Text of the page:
Great Tapestry of Scotland improving visitor perception of Galashiels, according to research by the University of Aberdeen

An independent study led by the University of Aberdeen’s SPOT (Social and Innovative Platform on Cultural Tourism) Team has highlighted that the five-star Great Tapestry of Scotland visitor centre in Galashiels has improved public perception of the historic Borders town. The research also found that the centre was the key reason that 60% of holidaymakers interviewed visited the area.

Surveying over 460 visitors to the centre between April and September 2022, the SPOT Team discovered that:

  • “visitor satisfaction at the Great Tapestry of Scotland was overwhelmingly positive, with 74.5% of visitors stating that their visit to the Great Tapestry of Scotland made them feel more positive towards Galashiels.”
  • for 58.2% of those visiting the area on holiday, the purpose of their visit to the area on the day of the survey was to visit The Great Tapestry of Scotland.

The study was conducted as part of the University’s SPOT project, which aims to understand and address cultural tourism across Europe and to promote its role in regeneration. The project team will present their findings at the centre on 27 January 2023.

Speaking about the report published today Research Fellow Dr Stephanie Garrison said: “Our research shows that visitors strongly agree that this new five-star visitor centre is a wonderful addition to Scotland’s cultural tourism offerings. Almost unanimously visitors said they found interesting things to see in the centre, 98% agreed or strongly agreed that they liked the atmosphere of the building, and 94% even said it increased their knowledge.”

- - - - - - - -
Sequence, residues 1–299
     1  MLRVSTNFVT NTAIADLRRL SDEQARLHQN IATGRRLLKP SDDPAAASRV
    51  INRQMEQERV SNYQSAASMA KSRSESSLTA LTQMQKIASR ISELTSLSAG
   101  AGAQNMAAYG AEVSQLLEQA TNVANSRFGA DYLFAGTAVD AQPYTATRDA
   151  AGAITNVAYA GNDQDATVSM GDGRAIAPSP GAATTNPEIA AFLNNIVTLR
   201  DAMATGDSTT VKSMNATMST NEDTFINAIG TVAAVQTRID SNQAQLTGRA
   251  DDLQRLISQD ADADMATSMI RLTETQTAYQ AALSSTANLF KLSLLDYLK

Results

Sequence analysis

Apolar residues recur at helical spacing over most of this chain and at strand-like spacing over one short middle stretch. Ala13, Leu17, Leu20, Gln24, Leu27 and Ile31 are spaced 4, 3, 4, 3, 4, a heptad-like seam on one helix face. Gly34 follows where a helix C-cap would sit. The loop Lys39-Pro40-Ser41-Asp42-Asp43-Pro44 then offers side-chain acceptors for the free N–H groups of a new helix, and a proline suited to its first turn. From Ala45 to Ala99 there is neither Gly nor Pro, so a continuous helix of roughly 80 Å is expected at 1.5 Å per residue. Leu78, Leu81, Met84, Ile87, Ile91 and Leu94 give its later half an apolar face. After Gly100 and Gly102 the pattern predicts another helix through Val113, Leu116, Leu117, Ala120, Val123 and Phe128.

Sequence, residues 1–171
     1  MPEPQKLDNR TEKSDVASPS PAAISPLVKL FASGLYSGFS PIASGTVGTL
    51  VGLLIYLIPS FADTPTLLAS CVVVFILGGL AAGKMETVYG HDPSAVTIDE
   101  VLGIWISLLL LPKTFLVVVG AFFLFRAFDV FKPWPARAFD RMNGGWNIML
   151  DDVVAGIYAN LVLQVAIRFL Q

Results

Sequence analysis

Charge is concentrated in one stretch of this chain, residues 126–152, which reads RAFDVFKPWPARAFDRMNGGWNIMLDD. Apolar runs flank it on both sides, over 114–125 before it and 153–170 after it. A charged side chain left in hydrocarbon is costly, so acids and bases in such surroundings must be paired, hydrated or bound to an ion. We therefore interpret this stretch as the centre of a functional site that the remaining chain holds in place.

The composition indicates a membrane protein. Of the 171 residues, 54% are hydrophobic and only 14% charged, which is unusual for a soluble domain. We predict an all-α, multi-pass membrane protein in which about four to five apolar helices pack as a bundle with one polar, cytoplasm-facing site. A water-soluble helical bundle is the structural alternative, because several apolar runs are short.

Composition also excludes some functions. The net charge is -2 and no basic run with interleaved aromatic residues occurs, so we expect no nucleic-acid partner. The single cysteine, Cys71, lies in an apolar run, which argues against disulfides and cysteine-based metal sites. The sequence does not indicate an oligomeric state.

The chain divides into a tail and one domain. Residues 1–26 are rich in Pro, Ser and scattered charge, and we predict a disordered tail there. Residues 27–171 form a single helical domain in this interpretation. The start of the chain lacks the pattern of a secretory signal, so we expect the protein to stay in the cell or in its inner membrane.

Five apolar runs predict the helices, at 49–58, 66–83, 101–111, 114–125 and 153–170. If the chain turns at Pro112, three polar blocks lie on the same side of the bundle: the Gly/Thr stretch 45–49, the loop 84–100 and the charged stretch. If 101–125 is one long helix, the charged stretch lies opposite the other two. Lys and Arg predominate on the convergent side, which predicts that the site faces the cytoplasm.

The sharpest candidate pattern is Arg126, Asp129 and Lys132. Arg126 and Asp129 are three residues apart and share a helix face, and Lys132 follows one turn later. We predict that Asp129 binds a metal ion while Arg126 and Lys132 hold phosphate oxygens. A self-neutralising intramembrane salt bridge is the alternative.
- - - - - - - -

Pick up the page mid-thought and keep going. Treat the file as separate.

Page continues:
“Working with the team at the Great Tapestry of Scotland, we will use these insights to further explore opportunities for this fantastic national asset to support continued regeneration in the south of Scotland.”

Welcoming the findings, Sandy Maxwell-Forbes, Centre Director at The Great Tapestry of Scotland said: “We are thrilled to see that these results are overwhelmingly positive, backing up the fantastic reviews we are getting from visitors, in the media, online and in social media. Our team has navigated through a global pandemic, a nation-wide hospitality recruitment shortage and the ongoing cost of living crisis to create one of the nation’s top-rated visitor experiences right here in Galashiels, the heartland of the Scottish Borders.

“As the home of the people’s story of Scotland, it is important to us that our visitors help to inform our ongoing story, so we’re also delighted that the report contains some really useful constructive feedback which will help us to continually improve build on success.”

Suggestions to tell even more stories behind each of the images featured in the panels will be at the heart of a new promotion for the Tapestry, which will be revealed in the coming weeks.